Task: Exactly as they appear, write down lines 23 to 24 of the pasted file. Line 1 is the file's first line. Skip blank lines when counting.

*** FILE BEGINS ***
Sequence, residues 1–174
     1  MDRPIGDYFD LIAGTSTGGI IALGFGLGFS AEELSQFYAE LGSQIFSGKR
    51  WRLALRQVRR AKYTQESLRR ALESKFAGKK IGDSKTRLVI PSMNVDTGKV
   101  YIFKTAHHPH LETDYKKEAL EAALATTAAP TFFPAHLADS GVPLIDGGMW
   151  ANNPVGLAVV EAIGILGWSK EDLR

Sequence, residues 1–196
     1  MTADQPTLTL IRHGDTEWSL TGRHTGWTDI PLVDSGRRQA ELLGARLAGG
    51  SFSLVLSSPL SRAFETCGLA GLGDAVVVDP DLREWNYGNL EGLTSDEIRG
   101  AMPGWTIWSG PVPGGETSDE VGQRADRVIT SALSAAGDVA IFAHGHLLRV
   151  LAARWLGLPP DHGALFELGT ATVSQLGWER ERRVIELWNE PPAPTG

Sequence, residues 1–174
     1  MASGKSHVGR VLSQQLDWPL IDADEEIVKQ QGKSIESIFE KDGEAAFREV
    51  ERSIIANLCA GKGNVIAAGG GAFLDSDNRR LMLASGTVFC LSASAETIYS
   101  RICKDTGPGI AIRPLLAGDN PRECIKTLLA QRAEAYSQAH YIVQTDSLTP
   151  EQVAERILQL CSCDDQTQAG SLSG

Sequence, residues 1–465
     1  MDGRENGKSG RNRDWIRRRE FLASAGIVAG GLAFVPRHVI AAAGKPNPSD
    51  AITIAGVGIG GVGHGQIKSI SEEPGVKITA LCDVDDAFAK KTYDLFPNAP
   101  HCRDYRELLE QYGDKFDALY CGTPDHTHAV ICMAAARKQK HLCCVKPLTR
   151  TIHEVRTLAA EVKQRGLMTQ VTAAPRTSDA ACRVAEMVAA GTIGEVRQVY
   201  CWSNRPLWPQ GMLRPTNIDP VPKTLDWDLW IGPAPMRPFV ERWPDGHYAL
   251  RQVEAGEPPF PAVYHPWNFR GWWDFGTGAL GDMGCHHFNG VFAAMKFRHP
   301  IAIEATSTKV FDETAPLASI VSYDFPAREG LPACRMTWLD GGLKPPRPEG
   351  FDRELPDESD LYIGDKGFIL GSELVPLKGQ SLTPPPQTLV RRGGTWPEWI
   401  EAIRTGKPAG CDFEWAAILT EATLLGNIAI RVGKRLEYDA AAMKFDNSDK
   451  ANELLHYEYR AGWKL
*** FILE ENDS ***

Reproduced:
   301  IAIEATSTKV FDETAPLASI VSYDFPAREG LPACRMTWLD GGLKPPRPEG
   351  FDRELPDESD LYIGDKGFIL GSELVPLKGQ SLTPPPQTLV RRGGTWPEWI